“So far it’s almost like entertainment as opposed to a nuisance.”
Many Litchfield residents may be aware of the turkey issues nearby Hutchinson has dealt with for several years. Currently, the city is dealing with 30-40 birds that routinely interrupt traffic and leave droppings everywhere they go. The city council’s discussion of the issue is ongoing, and solutions are few.
“The (wild turkey) population has started to reach its carrying capacity in places,” said Jeff Miller, an area wildlife supervisor with the Minnesota Department of Natural Resources. “Turkeys have proven to be adaptable as far as moving into those more urban situations, and that’s when the problem becomes a little more dire.”
It’s mostly dire for the cities that wind up having to deal with the issue because the DNR can’t offer much help in such situations. The agency does not trap or relocate wild turkeys. Relocating nuisance wildlife only relocates the problem, they say, and it leaves residents of another area to deal with the problem behavior.
The city of Moorhead, 160 miles to the northwest, has a rather large flock of turkeys they famously can’t get rid of. In February, the city council approved a plan to relocate a flock of 75 birds to eastern South Dakota. But the South Dakota Department of Game, Fish and Parks backed out of the deal once they learned the birds had been acclimated to humans. The city’s next step is unclear.
The DNR won’t lethally dispatch problem turkeys on behalf of the municipalities where they’ve become embedded either, but they will in some cases issue special permits and allow cities to do it on their own. The problem is that most cities, like Litchfield, have ordinances barring the discharge of firearms in most cases. However, police officers can use their own discretion.
Last spring in Rochester, 130 miles to the southeast, police made the decision to lethally dispatch a local bird after it aggressively chased a small child riding a bicycle. The bird was well-known in town and had been harassing traffic for quite some time. Locals had even given him a name: Jake.
Further muddying the issue is the fact that not everyone considers encroaching wildlife to be a nuisance. A recent online poll conducted by the Hutchinson Leader confirms this. When asked whether Hutchinson’s resident turkey population was a nuisance, the 249 respondents were split about half-and-half on the issue.
Many people like watching the turkeys and enjoy the natural aesthetic they bring. Some go so far as to try and attract the birds with food, and therein lies the most likely source of nuisance turkeys.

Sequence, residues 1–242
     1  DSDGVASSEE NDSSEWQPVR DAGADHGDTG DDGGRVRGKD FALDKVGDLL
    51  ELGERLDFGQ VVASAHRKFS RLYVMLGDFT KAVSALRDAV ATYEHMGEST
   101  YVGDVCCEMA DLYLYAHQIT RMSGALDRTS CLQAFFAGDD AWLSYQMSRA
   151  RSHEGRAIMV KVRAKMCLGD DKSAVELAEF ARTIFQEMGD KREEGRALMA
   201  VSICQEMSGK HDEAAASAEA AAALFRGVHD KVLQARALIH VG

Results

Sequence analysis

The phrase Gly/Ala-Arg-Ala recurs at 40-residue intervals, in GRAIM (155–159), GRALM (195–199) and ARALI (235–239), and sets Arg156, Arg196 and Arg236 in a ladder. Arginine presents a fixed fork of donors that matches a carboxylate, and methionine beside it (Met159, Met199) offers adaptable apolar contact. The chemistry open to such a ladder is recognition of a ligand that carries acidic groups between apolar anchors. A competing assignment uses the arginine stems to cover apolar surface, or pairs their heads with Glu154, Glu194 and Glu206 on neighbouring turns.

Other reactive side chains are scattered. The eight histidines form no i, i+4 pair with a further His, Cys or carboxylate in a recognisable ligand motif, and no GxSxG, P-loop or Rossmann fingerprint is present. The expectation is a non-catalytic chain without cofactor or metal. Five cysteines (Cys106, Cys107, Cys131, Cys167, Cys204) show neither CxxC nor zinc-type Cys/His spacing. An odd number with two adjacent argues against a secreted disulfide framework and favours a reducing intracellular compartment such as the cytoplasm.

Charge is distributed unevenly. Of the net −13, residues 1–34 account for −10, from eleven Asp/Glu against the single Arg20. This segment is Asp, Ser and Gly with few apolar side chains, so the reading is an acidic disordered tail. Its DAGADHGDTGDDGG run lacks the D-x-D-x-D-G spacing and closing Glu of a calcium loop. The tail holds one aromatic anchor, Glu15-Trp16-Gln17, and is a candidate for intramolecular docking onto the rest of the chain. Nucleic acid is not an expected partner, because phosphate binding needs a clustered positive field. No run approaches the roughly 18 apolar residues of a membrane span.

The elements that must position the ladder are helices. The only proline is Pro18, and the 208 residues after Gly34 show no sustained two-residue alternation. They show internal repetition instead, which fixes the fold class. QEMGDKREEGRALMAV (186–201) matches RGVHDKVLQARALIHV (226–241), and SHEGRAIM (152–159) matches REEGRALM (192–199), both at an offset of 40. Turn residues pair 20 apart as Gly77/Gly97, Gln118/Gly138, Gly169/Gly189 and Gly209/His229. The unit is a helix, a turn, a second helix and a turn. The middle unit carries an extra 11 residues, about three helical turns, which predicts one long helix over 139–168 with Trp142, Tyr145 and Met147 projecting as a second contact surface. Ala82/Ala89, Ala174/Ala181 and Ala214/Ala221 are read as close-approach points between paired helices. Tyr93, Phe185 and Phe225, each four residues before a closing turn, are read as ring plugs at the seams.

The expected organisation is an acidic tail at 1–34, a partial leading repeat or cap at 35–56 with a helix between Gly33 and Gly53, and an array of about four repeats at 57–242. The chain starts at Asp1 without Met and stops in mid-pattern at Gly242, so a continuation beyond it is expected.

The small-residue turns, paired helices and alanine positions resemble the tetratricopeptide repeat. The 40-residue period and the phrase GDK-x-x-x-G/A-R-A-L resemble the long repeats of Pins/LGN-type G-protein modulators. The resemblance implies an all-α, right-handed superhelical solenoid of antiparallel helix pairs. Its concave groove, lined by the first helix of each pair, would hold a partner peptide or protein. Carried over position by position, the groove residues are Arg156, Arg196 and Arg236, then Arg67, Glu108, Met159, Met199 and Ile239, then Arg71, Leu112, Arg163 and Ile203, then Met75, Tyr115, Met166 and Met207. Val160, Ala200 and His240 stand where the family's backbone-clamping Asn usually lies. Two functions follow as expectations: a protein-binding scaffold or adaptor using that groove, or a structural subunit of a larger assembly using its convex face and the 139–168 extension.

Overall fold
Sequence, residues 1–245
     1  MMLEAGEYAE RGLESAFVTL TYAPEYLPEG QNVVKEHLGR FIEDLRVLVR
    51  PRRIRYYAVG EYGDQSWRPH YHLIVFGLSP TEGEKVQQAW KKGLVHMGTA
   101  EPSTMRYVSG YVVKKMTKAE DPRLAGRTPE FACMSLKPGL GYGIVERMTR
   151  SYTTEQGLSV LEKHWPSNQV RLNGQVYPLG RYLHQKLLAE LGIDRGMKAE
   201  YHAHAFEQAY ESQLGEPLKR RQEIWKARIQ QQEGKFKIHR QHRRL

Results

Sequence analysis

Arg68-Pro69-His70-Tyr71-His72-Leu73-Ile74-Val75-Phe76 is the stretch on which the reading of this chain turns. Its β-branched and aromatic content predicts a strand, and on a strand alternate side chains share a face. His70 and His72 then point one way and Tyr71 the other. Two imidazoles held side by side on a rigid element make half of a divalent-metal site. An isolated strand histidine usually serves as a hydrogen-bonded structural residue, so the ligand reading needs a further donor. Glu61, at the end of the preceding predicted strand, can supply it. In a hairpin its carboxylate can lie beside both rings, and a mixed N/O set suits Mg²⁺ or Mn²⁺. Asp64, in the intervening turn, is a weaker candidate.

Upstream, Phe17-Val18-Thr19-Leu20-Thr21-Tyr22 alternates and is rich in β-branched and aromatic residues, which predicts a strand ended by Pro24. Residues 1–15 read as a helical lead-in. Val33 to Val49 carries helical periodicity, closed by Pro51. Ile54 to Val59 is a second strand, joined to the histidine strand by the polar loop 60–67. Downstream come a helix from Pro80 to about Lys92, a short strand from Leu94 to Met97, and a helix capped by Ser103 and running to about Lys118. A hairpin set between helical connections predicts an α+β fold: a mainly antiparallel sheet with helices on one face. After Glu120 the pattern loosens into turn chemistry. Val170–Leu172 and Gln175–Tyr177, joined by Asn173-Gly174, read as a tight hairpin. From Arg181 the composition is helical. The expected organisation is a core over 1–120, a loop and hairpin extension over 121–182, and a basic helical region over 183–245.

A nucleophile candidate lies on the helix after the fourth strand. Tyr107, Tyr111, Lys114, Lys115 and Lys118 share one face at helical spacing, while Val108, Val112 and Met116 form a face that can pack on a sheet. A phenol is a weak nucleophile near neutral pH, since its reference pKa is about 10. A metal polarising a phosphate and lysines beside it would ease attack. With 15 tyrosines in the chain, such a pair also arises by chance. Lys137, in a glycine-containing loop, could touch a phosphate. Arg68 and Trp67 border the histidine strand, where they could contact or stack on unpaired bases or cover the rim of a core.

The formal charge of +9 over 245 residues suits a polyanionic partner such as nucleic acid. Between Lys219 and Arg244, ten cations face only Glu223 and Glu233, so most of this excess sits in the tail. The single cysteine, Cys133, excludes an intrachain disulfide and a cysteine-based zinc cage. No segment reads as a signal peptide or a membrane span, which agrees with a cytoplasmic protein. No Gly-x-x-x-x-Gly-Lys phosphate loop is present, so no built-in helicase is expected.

“Wherever the food is, that’s usually where conflict increases with people,” said Miller. “Bird feeders seem to be the most valuable targets as far as turkeys go.”
Officials from the DNR agree that abstaining from feeding wild turkeys is the most effective way to prevent them from reaching nuisance status. In order to effectively show wild turkeys that they aren’t welcome in an area, however, a community must be unanimous on the issue.
When turkeys do begin lurking around within city limits, as they have been in Litchfield, it’s best to be assertive in letting them know they aren’t welcome. A broom is a good tool for anyone not comfortable confronting a wild turkey unaided. A good soaking from the garden hose is another option, and a dog on a leash is effective as well.
“If they’re perching on our cars and doing some damage, like scratching them or something, then it might become an issue,” said Kersting of Davis Motors. “But so far I’d say it really hasn’t been.”
While turkeys don’t appear to have reached nuisance status in Litchfield yet, there may be a lesson to glean from cities like Moorhead, Rochester and Hutchinson. The lesson is that once these wild birds get a foothold in town, they typically don’t leave without drastic intervention.
County profile update
Commissioners of the Meeker County Board received a county profile update from February 2019, containing a plethora of interesting facts about Meeker at its May 7 meeting.
The predominant age group in the county is 55-64 with 15.1 percent of our citizens falling in that age range, according to the profile. The next largest age group surprisingly is the 5-14 age group, encompassing 14.1 percent of Meeker’s citizens. Statistics showed Meeker’s population to be 23,131, of whom 97 percent are white.
Figures showed just a 1.8 percent unemployment rate for residents in the prime working age of 45-54 years. Meeker’s overall unemployment rate in February was down to 2.9 percent. Forty-six percent of Meeker’s workers the report showed are employed outside the county.
The board approved a conditional use permit for the Sparboe Companies, clearing away for the demolition of six existing poultry layer buildings and the construction of two new poultry layer buildings at the firm’s site just off Highway 12 east of Litchfield.